In an opinion that echoed the arguments of the SCOTUS Heller decision, the 9th Circus Circuit Court ruled today that the rights enshrined in the Second Amendment are “fundamental” and deeply rooted” rights that judges may not change through their court rulings. (View the announcement on the SCOTUS Blog) The Court reasoned that the Fourteenth Amendment incorporates the Second Amendment to the States, in much the same way that courts have ruled other rights in the Constitution also extend to the States. So at least in Alaska, Arizona, California, Hawaii, Idaho, Montana, Nevada, Oregon, and Washington, residents will now benefit from the Heller decision’s affirmation of the Second Amendment.
Some observers will say the Court’s ruling was a mixed bag, since it affirmed the right of a local government to prohibit guns on its property — a ruling that opens the way for some local governments to try to shut down gun shows on their fairgrounds, coliseums and other public squares. However, the ruling also unabashedly affirms the personal constitutional right to keep and bear arms for personal defense purposes.
Two passages in the opinion, written by Judge Diarmuid O’Scannlain stand out. The key passage is here:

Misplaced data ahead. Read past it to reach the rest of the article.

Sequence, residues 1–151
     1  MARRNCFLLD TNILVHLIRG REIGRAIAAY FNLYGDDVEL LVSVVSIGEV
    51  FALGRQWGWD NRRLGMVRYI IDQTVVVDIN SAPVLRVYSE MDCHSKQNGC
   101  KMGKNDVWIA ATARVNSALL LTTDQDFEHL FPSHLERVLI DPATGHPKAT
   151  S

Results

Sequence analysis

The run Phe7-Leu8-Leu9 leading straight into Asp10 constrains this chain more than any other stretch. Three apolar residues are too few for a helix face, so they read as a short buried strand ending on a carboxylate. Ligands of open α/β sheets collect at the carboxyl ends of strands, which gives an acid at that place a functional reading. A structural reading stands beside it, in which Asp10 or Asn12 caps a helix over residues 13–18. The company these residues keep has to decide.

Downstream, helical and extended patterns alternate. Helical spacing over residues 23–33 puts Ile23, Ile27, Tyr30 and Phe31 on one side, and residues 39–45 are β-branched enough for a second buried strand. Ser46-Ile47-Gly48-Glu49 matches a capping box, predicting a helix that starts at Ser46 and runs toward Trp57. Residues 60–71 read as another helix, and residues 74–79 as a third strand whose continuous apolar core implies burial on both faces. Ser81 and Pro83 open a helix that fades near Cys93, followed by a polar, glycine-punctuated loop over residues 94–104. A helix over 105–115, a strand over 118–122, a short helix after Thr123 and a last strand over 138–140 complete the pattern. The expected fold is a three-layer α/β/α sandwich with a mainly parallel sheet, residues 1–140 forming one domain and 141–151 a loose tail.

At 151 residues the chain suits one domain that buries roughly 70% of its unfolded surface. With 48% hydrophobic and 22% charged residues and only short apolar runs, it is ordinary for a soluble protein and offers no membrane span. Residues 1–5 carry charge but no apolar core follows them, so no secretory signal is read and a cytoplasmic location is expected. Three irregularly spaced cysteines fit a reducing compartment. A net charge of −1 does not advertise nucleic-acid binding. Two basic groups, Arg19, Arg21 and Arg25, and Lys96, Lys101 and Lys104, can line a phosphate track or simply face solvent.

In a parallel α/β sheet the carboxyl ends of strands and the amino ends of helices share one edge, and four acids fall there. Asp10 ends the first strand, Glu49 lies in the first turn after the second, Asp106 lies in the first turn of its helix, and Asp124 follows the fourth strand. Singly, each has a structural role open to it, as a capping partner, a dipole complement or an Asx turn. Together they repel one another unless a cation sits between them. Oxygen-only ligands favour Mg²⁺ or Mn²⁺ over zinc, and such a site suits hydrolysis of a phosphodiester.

“We therefore conclude that the right to keep and bear arms is “deeply rooted in this Nation’s history and tradition.” Colonial revolutionaries, the Founders, and a host of commentators and lawmakers living during the first one hundred years of the Republic all insisted on the fundamental nature of the right. It has long been regarded as the “true palladium of liberty.” Colonists relied on it to assert and to win their independence, and the victorious Union sought to prevent a recalcitrant South from abridging it less than a century later. The crucial role this deeply rooted right has played in our birth and history compels us to recognize that it is indeed fundamental, that it is necessary to the Anglo-American conception of ordered liberty that we have inherited. We are therefore persuaded that the Due Process Clause of the Fourteenth Amendment incorporates the Second Amendment and applies it against the states and local governments.”
But a footnote may have the most effect, as it will likely be cited in decisions not related to the Second Amendment by judges who wish to counter the post-modern hermeneutic that has destroyed the meaning of so much of our precious Constitution:
But we do not measure the protection the Constitution affords a right by the values of our own times. If contemporary desuetude sufficed to read rights out of the Constitution, then there would be little benefit to a written statement of them. Some may disagree with the decision of the Founders to enshrine a given right in the Constitution. If so, then the people can amend the document. But such amendments are not for the courts to ordain.
Today was a good day for Constitutional government!